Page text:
What Does the Washington Post Do to Profit from Mobile Advertising? Sales Chief Says It's User-First Mentality

The Washington Post BuildingTraditional publishers, once down for the count, are seeing a resurgence of interest in their offerings. It’s mainly due to the fact that the old line media companies have embraced the new world of mobile advertising.

That’s clear from an engaging interview with Jeff Burkett, the senior director of sales, operations, and product strategy at the Washington Post, which was recently posted at Folio. Burkett will also discuss the topic in-depth at the MediaNext conference to be held October 20-22.

What does Burkett believe will be the next big opportunity in mobile advertising over the next year?

“Mobile is an exciting space that provides many opportunities for publishers,” Burkett says. “Video, native, and geo-location are big trends to watch, but by far the most exciting opportunity is audience. The growth is extraordinary. At The Post, our tablet and smartphone audience has exploded—up 115 percent YOY in August 2014 according to ComScore—and the majority of our readers are consuming our content via those devices.”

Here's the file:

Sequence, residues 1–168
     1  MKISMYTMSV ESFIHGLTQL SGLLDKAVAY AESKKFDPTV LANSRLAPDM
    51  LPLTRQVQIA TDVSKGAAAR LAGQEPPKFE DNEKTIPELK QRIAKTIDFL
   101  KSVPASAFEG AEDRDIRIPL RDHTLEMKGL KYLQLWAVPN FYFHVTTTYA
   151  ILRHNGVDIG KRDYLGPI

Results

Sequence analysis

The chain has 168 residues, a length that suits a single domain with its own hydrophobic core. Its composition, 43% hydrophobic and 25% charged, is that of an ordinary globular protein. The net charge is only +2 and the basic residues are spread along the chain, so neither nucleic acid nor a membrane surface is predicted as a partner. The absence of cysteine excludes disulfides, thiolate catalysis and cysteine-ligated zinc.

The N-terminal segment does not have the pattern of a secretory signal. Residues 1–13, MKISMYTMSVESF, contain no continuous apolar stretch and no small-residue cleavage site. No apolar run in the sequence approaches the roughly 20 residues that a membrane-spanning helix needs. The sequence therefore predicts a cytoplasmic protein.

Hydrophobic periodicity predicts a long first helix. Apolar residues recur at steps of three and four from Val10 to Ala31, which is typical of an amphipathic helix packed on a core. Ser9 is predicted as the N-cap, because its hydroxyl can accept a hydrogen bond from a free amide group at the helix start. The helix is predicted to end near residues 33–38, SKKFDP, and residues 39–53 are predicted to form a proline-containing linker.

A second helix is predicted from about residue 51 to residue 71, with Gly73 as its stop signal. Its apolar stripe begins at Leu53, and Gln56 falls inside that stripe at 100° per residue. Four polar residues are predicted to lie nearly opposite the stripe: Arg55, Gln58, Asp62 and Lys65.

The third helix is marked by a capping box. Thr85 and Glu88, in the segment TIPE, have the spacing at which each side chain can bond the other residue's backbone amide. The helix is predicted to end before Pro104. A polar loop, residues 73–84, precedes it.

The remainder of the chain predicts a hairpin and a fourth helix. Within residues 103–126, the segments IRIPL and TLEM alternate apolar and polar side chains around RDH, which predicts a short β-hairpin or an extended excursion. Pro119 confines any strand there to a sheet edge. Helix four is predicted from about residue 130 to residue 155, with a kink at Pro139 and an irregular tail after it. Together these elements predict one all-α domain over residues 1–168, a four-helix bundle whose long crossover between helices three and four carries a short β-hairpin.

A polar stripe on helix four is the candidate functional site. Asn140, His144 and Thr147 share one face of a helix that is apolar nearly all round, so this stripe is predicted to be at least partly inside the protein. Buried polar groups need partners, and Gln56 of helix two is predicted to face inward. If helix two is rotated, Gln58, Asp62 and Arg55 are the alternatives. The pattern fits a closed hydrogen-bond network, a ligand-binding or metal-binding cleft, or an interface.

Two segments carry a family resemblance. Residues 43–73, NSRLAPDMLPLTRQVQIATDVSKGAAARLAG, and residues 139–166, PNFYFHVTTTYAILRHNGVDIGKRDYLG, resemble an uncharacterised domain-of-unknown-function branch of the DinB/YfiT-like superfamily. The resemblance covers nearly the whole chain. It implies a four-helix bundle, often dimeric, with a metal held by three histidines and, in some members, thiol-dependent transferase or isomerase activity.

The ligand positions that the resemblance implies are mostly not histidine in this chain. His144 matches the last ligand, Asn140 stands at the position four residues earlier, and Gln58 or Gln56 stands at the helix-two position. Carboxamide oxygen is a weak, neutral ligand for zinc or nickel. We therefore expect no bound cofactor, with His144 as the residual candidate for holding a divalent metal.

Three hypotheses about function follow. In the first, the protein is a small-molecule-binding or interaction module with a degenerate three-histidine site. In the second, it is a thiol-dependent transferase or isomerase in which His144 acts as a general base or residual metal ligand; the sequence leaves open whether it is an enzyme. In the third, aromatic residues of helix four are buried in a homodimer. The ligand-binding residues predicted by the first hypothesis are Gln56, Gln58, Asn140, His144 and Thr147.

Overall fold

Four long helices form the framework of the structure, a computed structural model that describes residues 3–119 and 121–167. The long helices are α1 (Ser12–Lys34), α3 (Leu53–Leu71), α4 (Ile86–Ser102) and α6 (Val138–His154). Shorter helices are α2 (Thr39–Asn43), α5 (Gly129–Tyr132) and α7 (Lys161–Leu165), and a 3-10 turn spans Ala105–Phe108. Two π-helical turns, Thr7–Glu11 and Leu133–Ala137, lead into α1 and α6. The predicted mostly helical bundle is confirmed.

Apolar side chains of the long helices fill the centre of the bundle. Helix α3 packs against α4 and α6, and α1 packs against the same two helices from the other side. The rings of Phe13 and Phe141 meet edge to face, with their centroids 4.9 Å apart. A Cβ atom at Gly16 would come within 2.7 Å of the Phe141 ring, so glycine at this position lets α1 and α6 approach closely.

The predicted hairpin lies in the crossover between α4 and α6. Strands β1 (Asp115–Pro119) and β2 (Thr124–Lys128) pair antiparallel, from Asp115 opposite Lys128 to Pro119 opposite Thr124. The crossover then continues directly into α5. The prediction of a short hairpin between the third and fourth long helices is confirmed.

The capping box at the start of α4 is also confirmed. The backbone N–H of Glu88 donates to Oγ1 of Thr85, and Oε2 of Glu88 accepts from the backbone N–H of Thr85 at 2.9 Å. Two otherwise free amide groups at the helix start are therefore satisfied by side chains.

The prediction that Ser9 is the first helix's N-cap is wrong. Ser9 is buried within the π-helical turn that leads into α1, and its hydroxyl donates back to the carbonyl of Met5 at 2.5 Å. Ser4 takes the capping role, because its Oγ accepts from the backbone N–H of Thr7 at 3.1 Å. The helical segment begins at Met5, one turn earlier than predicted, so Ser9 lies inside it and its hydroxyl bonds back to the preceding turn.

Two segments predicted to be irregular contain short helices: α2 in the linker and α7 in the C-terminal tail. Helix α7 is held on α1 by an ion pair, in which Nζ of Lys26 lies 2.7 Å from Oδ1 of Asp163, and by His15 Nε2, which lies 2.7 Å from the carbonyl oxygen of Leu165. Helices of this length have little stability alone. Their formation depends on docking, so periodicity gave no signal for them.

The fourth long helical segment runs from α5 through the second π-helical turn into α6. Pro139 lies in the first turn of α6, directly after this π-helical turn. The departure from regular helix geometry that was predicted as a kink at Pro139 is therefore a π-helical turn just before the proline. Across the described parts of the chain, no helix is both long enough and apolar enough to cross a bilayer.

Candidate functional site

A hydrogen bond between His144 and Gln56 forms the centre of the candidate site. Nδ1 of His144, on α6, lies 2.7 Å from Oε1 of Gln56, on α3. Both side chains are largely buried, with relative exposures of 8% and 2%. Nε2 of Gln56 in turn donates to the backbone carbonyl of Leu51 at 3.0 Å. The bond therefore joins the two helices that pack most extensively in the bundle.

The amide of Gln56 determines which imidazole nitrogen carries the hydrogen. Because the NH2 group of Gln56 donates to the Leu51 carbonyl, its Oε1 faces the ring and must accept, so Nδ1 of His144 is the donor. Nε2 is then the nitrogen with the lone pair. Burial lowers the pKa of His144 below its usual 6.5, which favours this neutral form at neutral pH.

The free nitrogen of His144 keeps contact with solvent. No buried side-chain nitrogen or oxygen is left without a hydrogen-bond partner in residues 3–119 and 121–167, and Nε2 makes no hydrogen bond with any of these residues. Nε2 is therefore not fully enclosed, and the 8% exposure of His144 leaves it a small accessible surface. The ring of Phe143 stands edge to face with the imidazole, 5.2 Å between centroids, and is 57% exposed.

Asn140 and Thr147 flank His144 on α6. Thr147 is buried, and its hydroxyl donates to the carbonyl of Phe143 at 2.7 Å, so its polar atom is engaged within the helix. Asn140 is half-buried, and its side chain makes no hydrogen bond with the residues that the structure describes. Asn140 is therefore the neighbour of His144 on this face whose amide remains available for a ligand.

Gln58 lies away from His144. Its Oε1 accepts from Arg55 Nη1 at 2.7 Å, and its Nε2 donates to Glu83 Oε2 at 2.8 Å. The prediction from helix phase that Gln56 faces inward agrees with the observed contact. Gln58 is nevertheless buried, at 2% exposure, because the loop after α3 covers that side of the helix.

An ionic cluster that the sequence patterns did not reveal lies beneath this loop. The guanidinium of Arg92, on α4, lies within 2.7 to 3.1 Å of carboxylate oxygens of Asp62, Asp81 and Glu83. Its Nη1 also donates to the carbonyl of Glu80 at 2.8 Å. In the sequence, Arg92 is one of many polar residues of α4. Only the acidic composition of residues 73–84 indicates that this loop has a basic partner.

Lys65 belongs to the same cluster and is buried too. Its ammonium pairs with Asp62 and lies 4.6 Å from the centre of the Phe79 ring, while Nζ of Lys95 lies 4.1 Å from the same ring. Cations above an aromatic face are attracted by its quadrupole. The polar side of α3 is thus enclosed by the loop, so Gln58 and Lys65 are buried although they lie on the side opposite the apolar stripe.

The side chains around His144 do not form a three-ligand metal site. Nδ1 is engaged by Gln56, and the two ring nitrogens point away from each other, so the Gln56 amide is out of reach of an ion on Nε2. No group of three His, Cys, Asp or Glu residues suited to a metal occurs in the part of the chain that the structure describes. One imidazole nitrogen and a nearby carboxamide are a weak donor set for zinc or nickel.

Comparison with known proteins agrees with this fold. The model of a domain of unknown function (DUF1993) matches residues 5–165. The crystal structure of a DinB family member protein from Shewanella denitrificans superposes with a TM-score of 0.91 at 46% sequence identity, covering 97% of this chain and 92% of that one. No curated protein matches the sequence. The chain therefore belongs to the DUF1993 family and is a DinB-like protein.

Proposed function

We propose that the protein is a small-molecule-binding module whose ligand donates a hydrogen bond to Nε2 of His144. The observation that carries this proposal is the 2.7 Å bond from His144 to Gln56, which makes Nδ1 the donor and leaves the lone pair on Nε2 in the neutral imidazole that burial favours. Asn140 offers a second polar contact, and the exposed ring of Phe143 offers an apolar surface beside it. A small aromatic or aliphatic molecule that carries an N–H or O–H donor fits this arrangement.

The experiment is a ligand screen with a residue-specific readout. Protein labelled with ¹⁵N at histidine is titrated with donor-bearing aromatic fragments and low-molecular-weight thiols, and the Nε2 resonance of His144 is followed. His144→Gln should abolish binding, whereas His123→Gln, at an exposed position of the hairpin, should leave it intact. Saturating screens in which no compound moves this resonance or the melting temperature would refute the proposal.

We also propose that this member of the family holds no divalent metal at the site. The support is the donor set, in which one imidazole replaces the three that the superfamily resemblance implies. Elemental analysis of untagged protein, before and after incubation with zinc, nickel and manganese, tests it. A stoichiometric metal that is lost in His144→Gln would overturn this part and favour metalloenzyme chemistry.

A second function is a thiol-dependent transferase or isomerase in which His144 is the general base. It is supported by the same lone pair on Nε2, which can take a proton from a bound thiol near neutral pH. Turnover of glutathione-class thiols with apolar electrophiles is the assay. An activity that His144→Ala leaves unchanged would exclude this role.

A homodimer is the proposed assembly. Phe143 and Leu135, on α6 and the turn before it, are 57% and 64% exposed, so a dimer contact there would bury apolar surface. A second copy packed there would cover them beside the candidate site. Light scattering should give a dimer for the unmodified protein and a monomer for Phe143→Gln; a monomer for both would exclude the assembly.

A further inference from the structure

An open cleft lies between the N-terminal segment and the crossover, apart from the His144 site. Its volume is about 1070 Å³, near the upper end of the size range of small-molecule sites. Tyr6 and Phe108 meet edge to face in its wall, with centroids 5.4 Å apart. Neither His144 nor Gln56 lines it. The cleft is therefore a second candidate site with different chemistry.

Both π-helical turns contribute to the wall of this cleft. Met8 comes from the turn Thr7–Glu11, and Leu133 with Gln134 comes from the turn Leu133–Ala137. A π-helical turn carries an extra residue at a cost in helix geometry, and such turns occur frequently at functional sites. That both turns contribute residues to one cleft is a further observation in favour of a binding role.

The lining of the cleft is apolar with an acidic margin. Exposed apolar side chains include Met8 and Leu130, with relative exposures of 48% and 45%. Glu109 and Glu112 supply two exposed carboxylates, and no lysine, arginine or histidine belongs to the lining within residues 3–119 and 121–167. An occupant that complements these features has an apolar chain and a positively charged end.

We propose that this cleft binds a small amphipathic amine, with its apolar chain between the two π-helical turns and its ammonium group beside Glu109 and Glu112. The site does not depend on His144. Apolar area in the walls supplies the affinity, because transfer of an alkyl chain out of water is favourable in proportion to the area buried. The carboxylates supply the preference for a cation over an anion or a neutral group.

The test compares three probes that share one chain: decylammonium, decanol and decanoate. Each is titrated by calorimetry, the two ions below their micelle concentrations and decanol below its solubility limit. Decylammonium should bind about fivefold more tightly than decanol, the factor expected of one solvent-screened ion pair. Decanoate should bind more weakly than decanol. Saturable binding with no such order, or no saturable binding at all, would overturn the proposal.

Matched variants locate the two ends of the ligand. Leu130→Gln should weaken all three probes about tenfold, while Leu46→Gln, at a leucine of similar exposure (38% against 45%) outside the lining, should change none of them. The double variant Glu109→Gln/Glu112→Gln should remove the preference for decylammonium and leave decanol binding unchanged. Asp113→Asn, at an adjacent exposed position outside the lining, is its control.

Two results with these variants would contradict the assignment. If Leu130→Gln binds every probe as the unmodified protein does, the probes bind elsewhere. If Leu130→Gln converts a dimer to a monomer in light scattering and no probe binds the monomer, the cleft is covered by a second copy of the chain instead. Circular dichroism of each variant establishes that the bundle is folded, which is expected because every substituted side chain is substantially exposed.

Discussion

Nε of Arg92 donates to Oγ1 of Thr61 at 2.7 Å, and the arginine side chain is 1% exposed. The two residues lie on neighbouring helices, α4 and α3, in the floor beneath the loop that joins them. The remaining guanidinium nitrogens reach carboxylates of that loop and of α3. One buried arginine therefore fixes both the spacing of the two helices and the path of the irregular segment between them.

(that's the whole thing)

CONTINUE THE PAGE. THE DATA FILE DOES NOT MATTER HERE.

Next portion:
The Washington Post remains a publisher of high end journalistic content, however. Burkett believes in investment in that, too.

“This uptick is due to our strong focus on mobile innovation and aggressive investment in high-quality journalism,” Burkett notes. “We believe that if we provide a great experience for our users, the monetization will follow.”

When it comes to publisher priorities, Burkett is adamant that the starting and end points always relate to customers.

“All decisions should start with two big considerations: the user experience and the needs of buyers,” explains Burkett. “Without the reader, there is no advertising, so the user experience must be top priority. Publishers must understand what buyers want now and in the future and then work backward from there. What products do you need to be able to sell? One mistake that can be made is considering these decisions in platform silos. You must have a strong focus on mobile, but there is a huge desire in the marketplace to run advertising across all platforms.”

How are Washington Post readers reacting to the mobile ad push?

“We’ve seen nothing but growth from our mobile audience and I think it is because we operate with a user-first mentality,” says Burkett. “In general, mobile readers tend to be very engaged because it’s such an intimate experience. We’ve found that is true for mobile advertising as well. We create high-impact mobile ads that perform very well.”

There’s more to digest in the interview. To check it out, click here.